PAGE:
When people set up their Christmas nativity scene or crèche, they don’t usually have a dragon among the animals. Yet the Bible tells us of a dragon that sought to ruin Christmas and our future. One verse you’ll probably never see on a Christmas card is found in Revelation 12:4, “And the dragon stood before the woman who was ready to give birth, to devour her Child as soon as it was born”. You can see why this doesn’t fit our Christmas narrative. No woolly sheep, no angel choirs and no innkeeper. It’s hardly a feel-good statement.
The first few verses in Revelation 12 recall the Christmas nativity from a very different perspective. A woman is pregnant and ready to give birth to a child. A dragon appears with seven heads and ten horns ready to destroy this child as soon as he is born. Who is this child? The “one who is to rule all the nations with a rod of iron.” (12:5) The child is protected, caught up to God and his throne. This is a one sentence summary of the birth, life and ascension into heaven of Jesus Christ.
It’s not your typical retelling about shepherds and kindly wise men. In John’s vision, the immediate result of Christ’s birth is a war across the heavens. (12:7) The great dragon called Satan is defeated and falls from the sky.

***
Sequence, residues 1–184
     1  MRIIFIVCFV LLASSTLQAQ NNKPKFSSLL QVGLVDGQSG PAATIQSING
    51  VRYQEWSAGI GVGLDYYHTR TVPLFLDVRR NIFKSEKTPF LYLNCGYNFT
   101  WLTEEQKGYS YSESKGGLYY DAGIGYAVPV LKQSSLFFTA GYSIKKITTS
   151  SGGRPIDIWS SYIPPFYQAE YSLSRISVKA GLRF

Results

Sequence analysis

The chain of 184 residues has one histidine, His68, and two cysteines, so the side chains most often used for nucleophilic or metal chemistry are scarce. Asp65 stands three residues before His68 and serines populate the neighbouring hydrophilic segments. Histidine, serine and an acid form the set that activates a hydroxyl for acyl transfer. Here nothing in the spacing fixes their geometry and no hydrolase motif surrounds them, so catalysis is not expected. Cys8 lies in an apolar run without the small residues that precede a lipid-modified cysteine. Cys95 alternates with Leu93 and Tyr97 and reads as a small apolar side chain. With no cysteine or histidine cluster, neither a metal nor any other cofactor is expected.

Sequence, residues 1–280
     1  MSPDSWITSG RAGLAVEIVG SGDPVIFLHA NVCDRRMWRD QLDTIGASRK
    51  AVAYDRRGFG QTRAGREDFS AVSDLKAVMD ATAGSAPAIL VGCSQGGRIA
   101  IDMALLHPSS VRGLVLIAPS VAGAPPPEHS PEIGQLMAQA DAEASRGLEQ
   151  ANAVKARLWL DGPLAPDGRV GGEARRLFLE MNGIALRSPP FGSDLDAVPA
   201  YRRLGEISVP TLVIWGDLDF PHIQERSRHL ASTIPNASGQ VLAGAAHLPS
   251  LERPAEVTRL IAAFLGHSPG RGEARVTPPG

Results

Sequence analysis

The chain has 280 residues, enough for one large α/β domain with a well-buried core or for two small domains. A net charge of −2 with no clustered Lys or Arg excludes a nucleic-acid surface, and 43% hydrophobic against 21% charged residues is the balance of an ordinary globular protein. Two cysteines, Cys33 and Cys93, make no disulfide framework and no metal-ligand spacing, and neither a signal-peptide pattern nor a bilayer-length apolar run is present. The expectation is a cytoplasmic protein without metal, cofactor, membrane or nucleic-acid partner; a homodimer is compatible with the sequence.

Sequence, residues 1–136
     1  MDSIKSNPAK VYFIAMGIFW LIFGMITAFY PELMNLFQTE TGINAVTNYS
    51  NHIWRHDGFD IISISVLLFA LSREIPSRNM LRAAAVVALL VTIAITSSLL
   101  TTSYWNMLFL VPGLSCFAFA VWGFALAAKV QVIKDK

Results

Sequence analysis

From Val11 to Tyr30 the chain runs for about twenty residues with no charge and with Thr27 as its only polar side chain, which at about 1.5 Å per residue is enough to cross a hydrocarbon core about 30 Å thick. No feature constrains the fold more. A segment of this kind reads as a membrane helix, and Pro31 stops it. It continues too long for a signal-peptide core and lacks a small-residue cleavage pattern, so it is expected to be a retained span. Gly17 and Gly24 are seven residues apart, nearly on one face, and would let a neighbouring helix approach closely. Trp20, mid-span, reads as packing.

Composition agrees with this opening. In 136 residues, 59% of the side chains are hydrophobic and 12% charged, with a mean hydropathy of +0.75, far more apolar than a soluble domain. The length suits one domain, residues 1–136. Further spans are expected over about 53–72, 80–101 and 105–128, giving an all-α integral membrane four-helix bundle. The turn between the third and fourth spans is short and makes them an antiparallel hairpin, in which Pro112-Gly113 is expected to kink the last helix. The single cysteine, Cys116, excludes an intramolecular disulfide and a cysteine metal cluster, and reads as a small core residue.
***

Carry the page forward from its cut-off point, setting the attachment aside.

This is an account of Christmas we would prefer to ignore. It’s a cosmic war that rages and we are part of it. As God prepared to step into this world to save us, the enemy pulled out all the stops to prevent it. And he continues to do so today. He now fights against God’s people.
We live in the middle of a cosmic drama than no television show or movie could accurately portray. Here and there we see the invisible breaking into the visible. The current crisis in the Middle East, among other places, is evidence of unseen battles in the heavens.
Why does God reveal this picture to John and to us? Is it to frighten us? To cause us fear and anxiety? No. It’s to bring us comfort and strength. The child is safe and the dragon is defeated. God is victorious. Yes, this drama is still playing out. Perhaps we are near its conclusion. But we know how it ends and this brings us the comfort and joy that Christmas is all about. We have a saviour and he will put all things right again.